Interpersonal process is a type of therapy approach which aims to explore different aspects of a patient’s life to discover underlying personal issues which may contribute to the issue at hand. Typically, this individualized therapy will involve diving into an individual’s personal friend and partner relationships, family experiences, and thoughts about their own self. Since both addiction and eating disorders are extremely personal experiences, they can intertwine with very personal parts of life and, they can even be developed as a result of these personal experiences. It’s extremely important to be able to work on the self throughout therapy sessions, and interpersonal therapy is the type of process therapy to do so.
Interpersonal Therapy Sessions
Stress Management: Stress can be a trigger for those in recovery from eating disorders and/or addiction. And, stress is definitely something that people will come into contact with once treatment ends. It’s important to learn how to identify where stress comes from on an individual basis and how to manage it effectively without it leading to reverting back to old behavior or thought patterns. During interpersonal therapy, patients and therapists work together to confront issues that result in high-stress levels. Also, they work to develop needed coping strategies to deal with stress so that it’s not an issue that will likely lead to relapse.
Goal Setting: Without individual goals for recovery, where would self-motivation come from? While support from friends and family is helpful, the most important support is self-support. Setting personal goals can give people something to strive for, and help to also achieve accomplishments. While setting goals is necessary during treatment, it will also be very important in the days after treatment concludes. So, during interpersonal process sessions, individuals can learn how to effectively set their own personal goals throughout recovery!
Finding Meaning: When a person doesn’t find their personal recovery meaningful, they are unlikely to stick with it. Even more, when a person doesn’t find their life meaningful, they’re unlikely to do anything which helps their lives to prosper. For these reasons, it’s incredibly important to establish meaning in life and recovery throughout treatment. During interpersonal process therapy, individuals can learn to understand the importance of a life meaning. And, can even search for their own so that they have a better outlook on life. In turn, this better outlook can help to boost confidence, increase self-love, and even reduce the risk of relapse.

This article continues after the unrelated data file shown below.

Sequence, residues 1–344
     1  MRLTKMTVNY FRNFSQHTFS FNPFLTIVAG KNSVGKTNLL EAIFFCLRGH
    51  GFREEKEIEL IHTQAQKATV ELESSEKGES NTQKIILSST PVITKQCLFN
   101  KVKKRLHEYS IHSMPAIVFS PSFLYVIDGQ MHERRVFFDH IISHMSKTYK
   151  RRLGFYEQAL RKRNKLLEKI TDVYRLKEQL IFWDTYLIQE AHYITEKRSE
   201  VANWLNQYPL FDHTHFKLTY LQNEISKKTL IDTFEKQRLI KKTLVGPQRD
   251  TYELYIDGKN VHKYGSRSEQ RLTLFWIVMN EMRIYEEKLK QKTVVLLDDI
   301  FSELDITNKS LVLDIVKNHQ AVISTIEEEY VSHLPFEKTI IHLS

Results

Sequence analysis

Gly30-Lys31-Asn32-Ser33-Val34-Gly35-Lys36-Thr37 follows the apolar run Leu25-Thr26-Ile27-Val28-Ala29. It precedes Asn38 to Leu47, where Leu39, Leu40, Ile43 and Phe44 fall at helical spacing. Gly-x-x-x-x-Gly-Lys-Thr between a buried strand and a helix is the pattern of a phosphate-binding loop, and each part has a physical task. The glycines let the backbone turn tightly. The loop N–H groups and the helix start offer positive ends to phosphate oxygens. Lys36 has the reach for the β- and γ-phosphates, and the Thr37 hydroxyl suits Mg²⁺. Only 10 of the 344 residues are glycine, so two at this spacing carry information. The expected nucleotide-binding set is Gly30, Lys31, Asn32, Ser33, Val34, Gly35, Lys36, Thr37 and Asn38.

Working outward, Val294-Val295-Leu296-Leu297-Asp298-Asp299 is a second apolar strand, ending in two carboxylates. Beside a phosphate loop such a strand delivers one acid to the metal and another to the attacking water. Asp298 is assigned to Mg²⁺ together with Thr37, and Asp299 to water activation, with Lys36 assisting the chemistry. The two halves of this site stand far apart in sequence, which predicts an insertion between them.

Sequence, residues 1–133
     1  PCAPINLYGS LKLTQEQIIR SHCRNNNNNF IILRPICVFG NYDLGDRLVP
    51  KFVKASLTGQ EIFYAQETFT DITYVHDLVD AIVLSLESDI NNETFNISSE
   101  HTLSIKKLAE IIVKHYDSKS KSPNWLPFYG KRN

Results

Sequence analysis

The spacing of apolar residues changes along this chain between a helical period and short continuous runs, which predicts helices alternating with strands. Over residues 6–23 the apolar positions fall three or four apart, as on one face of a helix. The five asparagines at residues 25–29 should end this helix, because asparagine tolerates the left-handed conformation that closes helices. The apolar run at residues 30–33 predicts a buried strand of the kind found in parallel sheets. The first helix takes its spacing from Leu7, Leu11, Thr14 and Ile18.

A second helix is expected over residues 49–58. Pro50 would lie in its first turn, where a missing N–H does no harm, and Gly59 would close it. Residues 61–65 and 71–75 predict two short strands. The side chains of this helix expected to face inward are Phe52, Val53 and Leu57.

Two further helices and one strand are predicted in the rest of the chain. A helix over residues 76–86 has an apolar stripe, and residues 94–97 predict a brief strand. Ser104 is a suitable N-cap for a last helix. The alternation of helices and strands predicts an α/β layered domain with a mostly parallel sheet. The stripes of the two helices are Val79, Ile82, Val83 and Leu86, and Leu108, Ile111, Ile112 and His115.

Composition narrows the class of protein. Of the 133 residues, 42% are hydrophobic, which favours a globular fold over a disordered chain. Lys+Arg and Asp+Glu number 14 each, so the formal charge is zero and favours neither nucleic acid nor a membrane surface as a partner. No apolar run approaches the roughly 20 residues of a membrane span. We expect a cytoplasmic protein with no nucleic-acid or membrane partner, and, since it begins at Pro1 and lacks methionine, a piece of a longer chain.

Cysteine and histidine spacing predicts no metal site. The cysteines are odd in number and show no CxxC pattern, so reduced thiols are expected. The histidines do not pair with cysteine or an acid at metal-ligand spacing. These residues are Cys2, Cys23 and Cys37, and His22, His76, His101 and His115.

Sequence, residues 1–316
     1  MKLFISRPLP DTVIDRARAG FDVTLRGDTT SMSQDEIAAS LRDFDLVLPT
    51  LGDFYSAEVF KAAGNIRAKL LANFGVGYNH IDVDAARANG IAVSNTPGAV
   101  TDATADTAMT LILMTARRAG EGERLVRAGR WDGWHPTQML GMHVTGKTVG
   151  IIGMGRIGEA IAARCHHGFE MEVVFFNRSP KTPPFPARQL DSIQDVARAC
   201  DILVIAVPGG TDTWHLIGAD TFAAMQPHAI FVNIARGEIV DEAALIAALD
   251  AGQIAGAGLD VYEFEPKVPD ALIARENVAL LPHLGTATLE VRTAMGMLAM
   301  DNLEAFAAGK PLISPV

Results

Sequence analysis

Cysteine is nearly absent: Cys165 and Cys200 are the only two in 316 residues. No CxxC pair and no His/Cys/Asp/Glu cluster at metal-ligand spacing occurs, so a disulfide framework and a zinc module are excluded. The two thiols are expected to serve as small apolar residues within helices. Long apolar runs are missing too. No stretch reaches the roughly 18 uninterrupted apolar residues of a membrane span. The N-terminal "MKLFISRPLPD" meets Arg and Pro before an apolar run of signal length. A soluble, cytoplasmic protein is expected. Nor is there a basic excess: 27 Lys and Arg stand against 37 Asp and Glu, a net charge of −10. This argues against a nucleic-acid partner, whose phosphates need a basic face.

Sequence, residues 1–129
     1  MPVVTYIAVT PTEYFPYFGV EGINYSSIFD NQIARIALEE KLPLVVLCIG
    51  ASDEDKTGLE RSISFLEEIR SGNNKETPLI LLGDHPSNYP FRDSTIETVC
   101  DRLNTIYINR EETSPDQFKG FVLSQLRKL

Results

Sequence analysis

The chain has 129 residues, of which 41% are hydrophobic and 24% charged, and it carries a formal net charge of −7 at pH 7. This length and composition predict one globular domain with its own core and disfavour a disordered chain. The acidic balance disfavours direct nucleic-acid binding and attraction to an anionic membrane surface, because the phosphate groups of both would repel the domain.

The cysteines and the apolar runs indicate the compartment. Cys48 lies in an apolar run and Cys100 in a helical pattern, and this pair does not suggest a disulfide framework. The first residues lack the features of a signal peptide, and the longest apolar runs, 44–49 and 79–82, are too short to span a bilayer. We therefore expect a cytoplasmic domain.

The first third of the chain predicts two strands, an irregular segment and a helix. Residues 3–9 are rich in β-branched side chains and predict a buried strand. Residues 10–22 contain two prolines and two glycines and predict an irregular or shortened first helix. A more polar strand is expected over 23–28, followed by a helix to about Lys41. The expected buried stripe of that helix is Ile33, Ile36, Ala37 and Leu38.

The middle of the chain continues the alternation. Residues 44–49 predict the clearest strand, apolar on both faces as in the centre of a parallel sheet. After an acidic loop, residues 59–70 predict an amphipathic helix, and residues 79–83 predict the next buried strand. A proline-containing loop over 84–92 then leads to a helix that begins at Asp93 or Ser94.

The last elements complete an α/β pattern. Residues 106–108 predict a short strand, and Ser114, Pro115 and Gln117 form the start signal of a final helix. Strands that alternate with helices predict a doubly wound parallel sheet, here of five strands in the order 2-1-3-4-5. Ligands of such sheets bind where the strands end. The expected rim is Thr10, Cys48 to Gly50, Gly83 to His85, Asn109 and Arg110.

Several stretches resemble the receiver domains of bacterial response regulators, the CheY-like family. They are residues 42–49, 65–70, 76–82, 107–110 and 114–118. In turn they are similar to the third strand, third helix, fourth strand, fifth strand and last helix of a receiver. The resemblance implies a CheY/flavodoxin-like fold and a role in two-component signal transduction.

Spirituality: It may not seem like spirituality has anything to do with recovery from addiction or eating disorders but it plays a pretty important role. However, when most people are told that spirituality is important for recovery, they think of religion. There is a difference between religion and spirituality. And while those who are already established with a religion and have their own set beliefs and relationship with their God, many don’t believe in the ideals of religion or even God at all but these people can still develop a spiritual foundation by believing that they are not in control of their own lives. And, that there is a higher power, whether it be God, the universe, love, etc. Spirituality can help individuals recovering from specific issues to look outside themselves to find life’s purpose.